Running qubit measurement 1000 times. Received 251 ones. Received 749 zeros.

So a rotation by 45 degrees along the X axis, distributes the probabilities for obtaining one or zero 0.25-0.75 – when measuring in the computational basis along the Z axis.

In this post, we discussed in depth several important quantum computing gates – Pauli gates $X$, $Y$, $Z$, as well as the identity gate $I$. In addition to that, we looked at the rotation gates too, as generalizations of the Pauli gates. In the previous post in this series, we already had a look at the Hadamard gate $H$.

All of this is still quite basic in terms of what we can do at the Q# code level, but we are slowly building up the necessary knowledge and amassing building blocks that will be extremely helpful when putting together quantum algorithms.

Equipped in this knowledge we should be are ready to have a look at multi qubit gates and the algebraic foundations behind them – which we will do in the next part. We are also going to look at one of the more bizarre quantum phenomena – entanglement. After that, we will be ready to start putting it all to good use by exploring some quantum algorithms.

Support for decompilation was one of the most requested features for OmniSharp, so we are thrilled to finally be able to include it into OmniSharp. It is based on the wonderful open source .NET decompiler, ILSpy – the same one that powers decompilation features in Visual Studio. In fact, decompilation support in OmniSharp is very much modelled after how things work in Visual Studio.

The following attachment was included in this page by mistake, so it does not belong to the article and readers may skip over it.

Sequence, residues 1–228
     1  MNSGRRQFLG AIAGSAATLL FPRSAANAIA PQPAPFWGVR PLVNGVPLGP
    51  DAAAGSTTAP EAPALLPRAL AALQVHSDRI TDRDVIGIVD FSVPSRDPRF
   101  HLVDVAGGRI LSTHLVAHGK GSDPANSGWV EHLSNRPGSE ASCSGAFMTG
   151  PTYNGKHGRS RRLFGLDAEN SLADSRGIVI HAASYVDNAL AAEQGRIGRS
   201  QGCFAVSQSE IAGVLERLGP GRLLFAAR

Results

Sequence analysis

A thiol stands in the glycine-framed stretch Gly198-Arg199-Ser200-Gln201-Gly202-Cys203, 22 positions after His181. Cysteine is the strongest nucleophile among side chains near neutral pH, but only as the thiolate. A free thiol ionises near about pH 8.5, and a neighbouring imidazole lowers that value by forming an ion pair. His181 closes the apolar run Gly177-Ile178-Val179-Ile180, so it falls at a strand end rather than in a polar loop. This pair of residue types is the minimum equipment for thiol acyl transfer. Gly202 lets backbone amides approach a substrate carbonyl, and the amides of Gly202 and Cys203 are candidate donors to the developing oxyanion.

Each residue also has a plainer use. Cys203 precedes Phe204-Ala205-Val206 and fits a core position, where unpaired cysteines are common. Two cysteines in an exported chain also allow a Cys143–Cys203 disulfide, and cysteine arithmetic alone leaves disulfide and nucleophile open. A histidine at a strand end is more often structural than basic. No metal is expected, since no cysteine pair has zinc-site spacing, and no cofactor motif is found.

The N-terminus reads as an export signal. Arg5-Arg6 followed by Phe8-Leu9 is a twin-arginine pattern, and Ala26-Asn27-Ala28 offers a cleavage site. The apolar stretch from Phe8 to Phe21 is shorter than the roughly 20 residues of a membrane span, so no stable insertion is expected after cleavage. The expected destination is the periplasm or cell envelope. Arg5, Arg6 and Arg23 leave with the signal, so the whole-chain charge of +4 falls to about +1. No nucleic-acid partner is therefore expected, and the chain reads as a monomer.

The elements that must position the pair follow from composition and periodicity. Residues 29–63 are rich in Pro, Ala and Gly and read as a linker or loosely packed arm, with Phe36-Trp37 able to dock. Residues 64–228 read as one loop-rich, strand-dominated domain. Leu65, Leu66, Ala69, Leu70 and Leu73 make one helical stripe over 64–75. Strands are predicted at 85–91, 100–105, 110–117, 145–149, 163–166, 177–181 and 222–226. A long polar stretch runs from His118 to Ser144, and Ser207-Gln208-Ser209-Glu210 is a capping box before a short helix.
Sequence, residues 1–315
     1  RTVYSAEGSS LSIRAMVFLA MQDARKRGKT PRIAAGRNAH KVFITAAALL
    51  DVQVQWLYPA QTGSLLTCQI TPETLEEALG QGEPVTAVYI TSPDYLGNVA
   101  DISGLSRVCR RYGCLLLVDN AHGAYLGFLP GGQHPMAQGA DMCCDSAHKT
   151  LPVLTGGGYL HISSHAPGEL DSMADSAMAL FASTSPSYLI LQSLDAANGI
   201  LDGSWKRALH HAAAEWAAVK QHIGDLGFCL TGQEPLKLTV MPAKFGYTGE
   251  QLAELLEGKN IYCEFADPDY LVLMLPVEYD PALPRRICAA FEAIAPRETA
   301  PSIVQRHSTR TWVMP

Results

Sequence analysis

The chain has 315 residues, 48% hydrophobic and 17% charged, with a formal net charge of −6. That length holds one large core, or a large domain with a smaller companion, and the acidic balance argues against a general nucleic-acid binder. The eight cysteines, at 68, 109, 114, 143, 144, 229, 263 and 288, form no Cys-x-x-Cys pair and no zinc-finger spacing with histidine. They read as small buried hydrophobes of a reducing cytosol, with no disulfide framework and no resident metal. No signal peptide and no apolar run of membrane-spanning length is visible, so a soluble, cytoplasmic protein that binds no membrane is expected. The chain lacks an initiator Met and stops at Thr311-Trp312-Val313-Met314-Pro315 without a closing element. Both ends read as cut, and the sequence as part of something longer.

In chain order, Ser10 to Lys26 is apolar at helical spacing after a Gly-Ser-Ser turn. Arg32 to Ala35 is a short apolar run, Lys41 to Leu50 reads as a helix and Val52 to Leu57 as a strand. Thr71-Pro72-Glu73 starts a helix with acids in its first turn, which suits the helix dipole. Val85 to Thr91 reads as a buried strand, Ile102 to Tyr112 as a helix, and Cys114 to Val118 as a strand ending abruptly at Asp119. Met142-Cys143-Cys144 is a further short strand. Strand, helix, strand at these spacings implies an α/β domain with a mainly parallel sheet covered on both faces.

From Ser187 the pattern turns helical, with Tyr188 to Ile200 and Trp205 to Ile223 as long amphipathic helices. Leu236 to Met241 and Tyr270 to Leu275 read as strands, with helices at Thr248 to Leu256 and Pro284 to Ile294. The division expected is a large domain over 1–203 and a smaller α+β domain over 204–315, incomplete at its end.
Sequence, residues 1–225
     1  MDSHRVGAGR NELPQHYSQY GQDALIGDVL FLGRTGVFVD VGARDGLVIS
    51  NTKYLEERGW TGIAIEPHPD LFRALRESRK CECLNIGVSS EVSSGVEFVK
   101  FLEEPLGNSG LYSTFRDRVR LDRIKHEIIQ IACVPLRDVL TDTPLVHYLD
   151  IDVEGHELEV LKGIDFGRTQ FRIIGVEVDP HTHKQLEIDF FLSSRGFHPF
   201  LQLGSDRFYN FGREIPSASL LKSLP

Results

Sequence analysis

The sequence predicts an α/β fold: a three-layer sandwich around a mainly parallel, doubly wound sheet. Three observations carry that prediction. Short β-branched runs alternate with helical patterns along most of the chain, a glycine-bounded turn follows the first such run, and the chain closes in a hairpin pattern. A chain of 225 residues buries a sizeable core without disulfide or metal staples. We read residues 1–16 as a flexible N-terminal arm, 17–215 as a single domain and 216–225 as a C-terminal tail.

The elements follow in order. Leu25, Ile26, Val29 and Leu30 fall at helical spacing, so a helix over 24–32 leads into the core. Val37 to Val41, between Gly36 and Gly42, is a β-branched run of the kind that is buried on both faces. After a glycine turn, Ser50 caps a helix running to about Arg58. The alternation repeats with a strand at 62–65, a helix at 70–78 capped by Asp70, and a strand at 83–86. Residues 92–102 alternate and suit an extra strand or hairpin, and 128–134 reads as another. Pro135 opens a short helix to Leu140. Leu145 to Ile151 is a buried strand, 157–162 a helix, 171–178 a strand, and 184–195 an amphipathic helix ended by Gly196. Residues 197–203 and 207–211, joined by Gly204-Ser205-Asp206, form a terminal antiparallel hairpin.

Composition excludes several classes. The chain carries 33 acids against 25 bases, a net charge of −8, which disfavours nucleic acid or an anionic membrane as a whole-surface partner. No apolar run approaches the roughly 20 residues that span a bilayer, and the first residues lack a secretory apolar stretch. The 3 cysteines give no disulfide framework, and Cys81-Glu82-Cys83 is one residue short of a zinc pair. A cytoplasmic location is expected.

Big words of gratitude are also necessary towards the ILSpy maintainers – Christoph and Siegfried who have pushed my lazy self throughout the process to get things finally done and helped us during the implementation phase.

The feature, like many other OmniSharp features is opt-in for the time being, meaning it is disabled by default. If you'd like to enable it, you need to add a relevant OmniSharp configuration option:

- to enable it globally, use
*%USERPROFILE%/.omnisharp/omnisharp.json*file - to enable it for a specific project only, use
*omnisharp.json*at the root of your workspace (typically at the root of the repository, next to solution file)

If the file doesn't exist, just create it. Then the following setting is needed inside:

{ "RoslynExtensionsOptions": { "enableDecompilationSupport": true } }